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Active Surveillance - 12 years on

Posted 18 December 2017 12:59:15(UTC)

I found this blog very interesting and thought I'd share it with those who have an interest in AS and lifestyle changes as an alternative to surgery/HT/RT etc.

It is the path I have chosen to go down and have no regrets.




Posted 18 December 2017 20:34:59(UTC)

Interesting read Roger.

John was on AS for a year and was quite happy on it, until the PSA started to rise and we talked over what the next step should be.

I suppose for some men there is (understandably) a knee jerk reaction to "let's get it out"

We can't control the winds - but we can adjust our sails
Posted 18 December 2017 23:46:36(UTC)

We know that some men undergo treatment that they don't need to survive. Some men have had PCa for years and have died of something else not even knowing they have had PCa or followed any particular diet/exercise regime to avoid it. So it was only shown that they had had PCa at autopsy. So even knowing they have PCa, some men who have no radical treatment but are just monitored (AS) will be lucky. Others following this route may at some time need intervention if indicators show the PCa is becoming a problem. For some men this is a reasonable and calculated path to follow. There is a risk that in the interim the PCa has advanced more at some point than indicators have shown and that treatment then given may be less effective. It's a risk men opting for AS have to accept. I can see AS becoming a more acceptable option as better predictability of advancement becomes available. The story in the link of itself shows in retrospect that so far the author make a good choice for him. It does not mean that it would have been a good choice for another man identified at a similar stage. It does not show that diet/exercise played a part, although this might have helped. More research is needed to confirm the extent diet/exercise may play in relation to PCa. We do know that a good diet and exercise is good for general health and this may help control PCa.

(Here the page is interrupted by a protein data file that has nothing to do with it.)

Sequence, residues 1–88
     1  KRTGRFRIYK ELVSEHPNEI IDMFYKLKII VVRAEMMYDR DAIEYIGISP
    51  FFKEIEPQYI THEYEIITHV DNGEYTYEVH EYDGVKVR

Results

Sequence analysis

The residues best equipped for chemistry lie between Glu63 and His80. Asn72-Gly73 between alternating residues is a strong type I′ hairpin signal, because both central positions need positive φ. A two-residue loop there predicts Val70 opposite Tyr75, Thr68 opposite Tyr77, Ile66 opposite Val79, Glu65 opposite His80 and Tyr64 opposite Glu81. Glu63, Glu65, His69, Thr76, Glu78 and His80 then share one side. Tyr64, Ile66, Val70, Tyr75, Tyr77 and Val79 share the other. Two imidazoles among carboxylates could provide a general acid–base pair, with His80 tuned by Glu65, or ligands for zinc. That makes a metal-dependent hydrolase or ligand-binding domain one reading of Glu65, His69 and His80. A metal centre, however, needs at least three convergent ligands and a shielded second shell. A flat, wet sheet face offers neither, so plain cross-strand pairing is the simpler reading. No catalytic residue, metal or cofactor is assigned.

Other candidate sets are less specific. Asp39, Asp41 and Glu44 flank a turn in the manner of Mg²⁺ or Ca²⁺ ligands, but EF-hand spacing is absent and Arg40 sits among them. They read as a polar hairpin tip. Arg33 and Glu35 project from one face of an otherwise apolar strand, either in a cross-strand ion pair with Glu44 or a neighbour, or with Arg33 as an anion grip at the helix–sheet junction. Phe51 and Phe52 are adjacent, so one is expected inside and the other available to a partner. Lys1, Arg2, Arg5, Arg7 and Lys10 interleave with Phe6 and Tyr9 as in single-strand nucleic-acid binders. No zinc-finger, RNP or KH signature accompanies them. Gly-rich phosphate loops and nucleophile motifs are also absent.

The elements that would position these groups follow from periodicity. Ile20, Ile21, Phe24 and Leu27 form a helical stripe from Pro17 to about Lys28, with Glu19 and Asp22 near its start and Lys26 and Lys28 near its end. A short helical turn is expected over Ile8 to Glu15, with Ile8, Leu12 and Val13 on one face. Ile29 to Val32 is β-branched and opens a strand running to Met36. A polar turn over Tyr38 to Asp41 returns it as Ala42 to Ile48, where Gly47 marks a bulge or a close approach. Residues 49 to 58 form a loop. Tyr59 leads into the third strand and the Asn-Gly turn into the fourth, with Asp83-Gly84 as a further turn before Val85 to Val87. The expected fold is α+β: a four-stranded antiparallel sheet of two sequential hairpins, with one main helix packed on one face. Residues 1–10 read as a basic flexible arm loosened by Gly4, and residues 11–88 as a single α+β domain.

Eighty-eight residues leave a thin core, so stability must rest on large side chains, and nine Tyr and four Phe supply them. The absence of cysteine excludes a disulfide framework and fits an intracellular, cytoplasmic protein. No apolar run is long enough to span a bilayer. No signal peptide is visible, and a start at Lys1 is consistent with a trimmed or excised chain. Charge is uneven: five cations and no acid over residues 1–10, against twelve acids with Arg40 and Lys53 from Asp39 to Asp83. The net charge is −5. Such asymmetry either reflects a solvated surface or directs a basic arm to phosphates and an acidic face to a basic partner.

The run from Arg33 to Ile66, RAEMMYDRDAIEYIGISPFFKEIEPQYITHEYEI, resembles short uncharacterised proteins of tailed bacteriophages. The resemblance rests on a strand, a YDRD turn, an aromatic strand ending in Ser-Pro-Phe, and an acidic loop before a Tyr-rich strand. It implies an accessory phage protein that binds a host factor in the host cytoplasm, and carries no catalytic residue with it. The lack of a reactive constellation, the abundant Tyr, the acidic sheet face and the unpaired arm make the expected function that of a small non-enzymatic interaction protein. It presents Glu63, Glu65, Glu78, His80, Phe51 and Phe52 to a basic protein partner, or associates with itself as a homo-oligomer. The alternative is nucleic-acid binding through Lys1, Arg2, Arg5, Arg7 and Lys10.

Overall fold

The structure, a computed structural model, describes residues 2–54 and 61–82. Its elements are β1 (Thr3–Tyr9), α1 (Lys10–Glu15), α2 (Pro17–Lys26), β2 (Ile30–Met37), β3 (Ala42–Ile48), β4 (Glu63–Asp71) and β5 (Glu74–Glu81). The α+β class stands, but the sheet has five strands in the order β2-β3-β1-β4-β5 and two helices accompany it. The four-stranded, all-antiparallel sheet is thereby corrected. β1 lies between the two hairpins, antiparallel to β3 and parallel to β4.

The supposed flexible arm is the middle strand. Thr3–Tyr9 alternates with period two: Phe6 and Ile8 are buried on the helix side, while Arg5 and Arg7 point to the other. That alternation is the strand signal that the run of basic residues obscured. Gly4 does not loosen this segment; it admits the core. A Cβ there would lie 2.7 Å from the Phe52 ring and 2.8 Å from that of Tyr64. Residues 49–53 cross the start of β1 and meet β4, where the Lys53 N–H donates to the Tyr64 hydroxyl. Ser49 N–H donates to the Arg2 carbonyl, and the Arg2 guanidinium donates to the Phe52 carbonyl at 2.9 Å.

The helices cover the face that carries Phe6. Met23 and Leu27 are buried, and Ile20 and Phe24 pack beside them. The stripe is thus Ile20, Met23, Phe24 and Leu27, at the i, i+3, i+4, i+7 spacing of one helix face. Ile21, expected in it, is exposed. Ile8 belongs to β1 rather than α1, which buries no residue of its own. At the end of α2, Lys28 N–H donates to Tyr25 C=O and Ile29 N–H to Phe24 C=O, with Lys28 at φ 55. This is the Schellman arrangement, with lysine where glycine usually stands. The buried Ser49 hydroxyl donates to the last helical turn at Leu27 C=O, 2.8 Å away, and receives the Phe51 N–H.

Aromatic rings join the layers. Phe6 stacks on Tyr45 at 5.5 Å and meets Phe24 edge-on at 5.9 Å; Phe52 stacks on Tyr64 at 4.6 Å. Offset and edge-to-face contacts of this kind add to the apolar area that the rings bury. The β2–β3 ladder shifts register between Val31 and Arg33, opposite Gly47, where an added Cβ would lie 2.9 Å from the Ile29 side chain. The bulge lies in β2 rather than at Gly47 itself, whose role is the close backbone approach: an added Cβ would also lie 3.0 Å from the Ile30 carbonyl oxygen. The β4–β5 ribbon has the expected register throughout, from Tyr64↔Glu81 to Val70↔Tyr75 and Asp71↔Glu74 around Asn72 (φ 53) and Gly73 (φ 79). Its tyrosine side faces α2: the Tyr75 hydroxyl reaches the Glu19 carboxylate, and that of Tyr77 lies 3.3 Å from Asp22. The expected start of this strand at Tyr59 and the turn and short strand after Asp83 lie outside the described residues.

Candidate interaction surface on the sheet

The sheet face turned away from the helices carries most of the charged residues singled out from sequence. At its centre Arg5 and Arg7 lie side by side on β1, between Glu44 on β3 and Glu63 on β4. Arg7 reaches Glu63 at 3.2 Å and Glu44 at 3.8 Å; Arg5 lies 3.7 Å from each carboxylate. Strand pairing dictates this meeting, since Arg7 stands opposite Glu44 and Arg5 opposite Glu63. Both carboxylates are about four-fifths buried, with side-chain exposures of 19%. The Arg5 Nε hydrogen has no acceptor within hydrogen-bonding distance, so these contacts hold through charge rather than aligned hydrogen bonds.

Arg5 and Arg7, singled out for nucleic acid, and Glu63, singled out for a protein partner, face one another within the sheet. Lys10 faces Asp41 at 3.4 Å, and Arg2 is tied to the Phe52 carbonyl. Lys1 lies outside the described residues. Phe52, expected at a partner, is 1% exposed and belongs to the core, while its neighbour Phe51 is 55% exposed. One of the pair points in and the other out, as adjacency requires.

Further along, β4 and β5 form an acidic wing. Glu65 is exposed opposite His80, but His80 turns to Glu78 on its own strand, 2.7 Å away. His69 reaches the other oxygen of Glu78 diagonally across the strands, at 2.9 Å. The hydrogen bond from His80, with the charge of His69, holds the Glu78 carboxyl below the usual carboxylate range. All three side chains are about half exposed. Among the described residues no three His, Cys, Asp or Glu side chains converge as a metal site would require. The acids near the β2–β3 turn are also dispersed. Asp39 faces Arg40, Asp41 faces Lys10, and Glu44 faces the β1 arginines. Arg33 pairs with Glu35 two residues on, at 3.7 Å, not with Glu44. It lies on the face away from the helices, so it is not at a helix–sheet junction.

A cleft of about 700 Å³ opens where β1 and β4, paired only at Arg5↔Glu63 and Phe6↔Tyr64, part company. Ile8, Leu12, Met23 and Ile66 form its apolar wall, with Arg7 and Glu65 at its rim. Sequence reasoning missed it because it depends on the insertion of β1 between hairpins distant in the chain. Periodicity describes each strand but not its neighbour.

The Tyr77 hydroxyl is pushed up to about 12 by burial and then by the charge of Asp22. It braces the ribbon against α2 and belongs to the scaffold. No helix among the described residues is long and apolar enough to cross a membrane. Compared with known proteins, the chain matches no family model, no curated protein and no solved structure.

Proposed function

Posted 19 December 2017 00:31:39(UTC)

Originally Posted by: Online Community Member

 It's a risk men opting for AS have to accept. 


It's all a risk, isn't it though - men who choose radical treatment hoping for a cure but then discover that they need adjuvant or salvage treatment, men who choose one option based on minimising potential side effects only to find they are really unlucky, men who opt for AS and are then let down by a medic that really does nothing more than watchful waiting. 

Stan took a risk opting for AS and was unlucky that his PSA did not behave in the expected way. Dad is taking a risk in refusing salvage treatment. I can't say I always feel happy about it but I do understand that both had the right to make their own decision regardless of what I think or want :-(   

"Life can only be understood backwards; but it must be lived forwards." Soren Kierkegaard

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